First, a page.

Type 1 diabetes rates investigated among children of mothers with gestational diabetes

Jack Woodfield
Wed, 17 Apr 2019
Type 1 diabetes rates investigated among children of mothers with gestational diabetes
Clinicians have been urged to ensure children of mothers with gestational diabetes receive early screening for type 1 diabetes.

The warning comes following a study revealing that children born to mothers with gestational diabetes were twice as likely to develop type 1 diabetes before the age of 22.

The researchers from McGill University Health Centre, Canada, say the relationship needs to be examined in future studies, but the association could help to diagnose diabetes earlier in young people.

Around 25% of children and young people are diagnosed with type 1 diabetes when they develop diabetic ketoacidosis (DKA), a dangerous complication of undiagnosed type 1 when blood glucose levels rise too high.

It was already known that mothers who had type 1 or type 2 diabetes increased their child's risk of developing the condition, but in this study the Canadian team wanted to look at the impact gestational diabetes had on the risk factor to the child.

They studied 73,180 mothers between 1990-2012 and discovered the number of new type 1 diabetes cases per 10,000 person-years was 4.5 in children born to mothers with gestational diabetes, compared to 2.4 in mothers without.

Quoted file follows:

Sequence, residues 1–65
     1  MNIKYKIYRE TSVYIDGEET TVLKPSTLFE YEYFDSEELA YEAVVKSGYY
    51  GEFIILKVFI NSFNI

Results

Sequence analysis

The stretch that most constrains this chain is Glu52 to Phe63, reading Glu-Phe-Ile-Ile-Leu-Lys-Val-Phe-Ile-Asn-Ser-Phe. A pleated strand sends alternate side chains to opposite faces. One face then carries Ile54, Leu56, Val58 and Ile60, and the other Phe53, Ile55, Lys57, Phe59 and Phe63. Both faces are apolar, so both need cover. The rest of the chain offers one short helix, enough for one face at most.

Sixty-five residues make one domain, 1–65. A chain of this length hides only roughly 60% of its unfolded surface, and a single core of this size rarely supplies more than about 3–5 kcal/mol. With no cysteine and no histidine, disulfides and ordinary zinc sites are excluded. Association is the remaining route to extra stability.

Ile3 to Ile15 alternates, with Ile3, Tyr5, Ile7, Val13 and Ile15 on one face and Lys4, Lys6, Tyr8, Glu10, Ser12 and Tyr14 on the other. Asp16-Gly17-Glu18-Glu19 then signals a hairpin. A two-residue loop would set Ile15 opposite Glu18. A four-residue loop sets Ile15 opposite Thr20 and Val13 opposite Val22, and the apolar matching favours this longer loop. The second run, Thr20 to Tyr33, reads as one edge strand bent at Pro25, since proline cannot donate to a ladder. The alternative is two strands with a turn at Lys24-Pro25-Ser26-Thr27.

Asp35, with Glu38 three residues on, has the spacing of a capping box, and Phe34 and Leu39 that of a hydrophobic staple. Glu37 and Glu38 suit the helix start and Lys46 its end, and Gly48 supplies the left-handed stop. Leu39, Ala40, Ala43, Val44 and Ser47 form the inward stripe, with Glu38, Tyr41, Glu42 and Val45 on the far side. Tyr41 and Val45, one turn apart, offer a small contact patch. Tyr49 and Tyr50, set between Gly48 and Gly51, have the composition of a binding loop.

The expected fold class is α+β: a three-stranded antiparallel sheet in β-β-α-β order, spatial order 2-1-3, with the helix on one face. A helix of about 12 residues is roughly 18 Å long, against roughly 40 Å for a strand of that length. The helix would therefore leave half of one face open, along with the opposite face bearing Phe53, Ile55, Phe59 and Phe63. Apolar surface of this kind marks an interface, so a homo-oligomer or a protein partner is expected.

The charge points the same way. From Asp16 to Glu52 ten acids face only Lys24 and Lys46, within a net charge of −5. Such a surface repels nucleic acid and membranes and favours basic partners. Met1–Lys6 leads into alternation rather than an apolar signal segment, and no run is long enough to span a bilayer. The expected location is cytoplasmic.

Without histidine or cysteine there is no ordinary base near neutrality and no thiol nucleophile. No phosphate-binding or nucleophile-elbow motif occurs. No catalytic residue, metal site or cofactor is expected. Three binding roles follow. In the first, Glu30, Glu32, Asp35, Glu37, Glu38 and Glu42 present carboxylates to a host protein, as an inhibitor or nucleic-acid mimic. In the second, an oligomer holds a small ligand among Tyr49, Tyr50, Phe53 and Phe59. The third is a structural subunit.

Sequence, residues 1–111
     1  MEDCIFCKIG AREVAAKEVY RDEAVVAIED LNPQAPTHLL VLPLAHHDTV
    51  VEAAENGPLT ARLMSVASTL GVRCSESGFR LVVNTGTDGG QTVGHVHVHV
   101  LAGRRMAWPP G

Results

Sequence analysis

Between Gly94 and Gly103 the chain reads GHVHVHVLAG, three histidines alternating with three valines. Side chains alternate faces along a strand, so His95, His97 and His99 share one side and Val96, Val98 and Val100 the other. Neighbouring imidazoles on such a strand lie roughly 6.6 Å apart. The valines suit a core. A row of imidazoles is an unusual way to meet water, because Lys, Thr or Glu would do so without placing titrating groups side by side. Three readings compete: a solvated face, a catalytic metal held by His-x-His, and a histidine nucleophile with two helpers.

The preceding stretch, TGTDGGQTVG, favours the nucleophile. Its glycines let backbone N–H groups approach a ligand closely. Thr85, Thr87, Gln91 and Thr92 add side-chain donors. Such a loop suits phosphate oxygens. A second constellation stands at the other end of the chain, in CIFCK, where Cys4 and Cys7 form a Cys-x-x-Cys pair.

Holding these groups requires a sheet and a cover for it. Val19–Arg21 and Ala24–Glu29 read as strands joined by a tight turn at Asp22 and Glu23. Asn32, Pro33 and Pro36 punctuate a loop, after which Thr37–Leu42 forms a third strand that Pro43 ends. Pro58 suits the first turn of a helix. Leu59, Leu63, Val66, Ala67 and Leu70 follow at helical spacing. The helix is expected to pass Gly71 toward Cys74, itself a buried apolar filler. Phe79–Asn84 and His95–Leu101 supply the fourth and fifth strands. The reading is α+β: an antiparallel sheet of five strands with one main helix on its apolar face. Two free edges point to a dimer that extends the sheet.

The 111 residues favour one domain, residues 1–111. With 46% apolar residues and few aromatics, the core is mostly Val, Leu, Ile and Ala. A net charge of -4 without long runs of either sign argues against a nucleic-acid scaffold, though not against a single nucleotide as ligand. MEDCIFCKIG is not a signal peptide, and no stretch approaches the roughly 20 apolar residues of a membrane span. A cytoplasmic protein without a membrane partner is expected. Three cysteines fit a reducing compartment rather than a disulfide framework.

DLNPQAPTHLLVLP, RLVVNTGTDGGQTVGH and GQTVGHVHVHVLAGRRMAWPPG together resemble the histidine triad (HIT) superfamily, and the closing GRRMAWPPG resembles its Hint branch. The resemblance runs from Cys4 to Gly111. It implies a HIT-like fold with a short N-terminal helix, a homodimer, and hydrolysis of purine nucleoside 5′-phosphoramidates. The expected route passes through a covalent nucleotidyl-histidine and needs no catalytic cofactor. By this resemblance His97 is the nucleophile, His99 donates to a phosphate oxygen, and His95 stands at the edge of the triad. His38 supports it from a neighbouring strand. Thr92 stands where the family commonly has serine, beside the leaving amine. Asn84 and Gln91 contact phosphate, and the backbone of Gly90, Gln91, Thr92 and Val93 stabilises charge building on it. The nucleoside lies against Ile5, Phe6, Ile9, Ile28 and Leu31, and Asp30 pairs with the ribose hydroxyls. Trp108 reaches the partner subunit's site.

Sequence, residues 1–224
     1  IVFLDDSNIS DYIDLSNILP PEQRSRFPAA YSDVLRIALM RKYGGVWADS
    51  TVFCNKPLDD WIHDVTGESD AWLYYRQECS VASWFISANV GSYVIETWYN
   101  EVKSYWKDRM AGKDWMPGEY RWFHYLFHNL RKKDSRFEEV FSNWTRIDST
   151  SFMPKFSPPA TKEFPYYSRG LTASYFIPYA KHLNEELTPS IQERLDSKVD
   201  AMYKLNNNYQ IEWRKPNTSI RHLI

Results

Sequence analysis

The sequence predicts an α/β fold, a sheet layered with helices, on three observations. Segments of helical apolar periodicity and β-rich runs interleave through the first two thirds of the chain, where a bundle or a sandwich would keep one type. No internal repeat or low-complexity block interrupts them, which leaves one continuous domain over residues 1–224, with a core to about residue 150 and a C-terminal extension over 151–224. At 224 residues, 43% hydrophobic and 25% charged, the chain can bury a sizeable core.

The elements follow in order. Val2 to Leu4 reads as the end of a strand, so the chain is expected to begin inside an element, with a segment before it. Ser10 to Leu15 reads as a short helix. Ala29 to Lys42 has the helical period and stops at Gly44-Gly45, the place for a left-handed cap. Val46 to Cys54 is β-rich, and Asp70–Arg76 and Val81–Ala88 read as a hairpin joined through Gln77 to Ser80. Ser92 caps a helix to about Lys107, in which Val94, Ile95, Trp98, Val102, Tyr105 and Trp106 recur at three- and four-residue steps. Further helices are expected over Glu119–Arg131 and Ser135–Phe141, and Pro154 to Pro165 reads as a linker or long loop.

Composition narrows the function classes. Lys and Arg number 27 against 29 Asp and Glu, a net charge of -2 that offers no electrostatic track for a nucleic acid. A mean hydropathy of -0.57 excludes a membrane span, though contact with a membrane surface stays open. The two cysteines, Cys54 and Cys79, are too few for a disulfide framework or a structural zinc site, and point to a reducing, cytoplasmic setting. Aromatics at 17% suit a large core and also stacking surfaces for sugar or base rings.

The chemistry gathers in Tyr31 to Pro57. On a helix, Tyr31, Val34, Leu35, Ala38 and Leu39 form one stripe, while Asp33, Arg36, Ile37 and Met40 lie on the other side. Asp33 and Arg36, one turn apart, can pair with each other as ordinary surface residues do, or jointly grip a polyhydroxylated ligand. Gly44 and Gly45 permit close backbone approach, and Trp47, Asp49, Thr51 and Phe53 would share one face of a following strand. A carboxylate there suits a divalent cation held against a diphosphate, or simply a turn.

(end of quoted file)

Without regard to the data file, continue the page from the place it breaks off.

Despite the findings, co-author Dr Meranda Naklha, a pediatric endocrinologist at the Montreal Children's Hospital and an assistant professor of pediatrics at McGill University, reassured parents that "only a small number of children will develop diabetes before the age of 22, even if their mothers had gestational diabetes".

"However, parents and healthcare providers should consider the possibility of diabetes if children start showing signs such has frequent urination, excessive thirst, or weight loss, particularly if their moms had gestational diabetes," she added.

Gestational diabetes is a temporary condition that develops when blood sugar levels are too high. Once the woman has given birth, the condition disappears, but studies have looked at whether gestational diabetes can have other long-term effects on the mother and child.

It is highly recommended that women before, during and after pregnancy eat healthily and control their blood glucose levels to avoid or lessen the impact of gestational diabetes.

The findings have been published in the Canadian Medical Association Journal (CMAJ).
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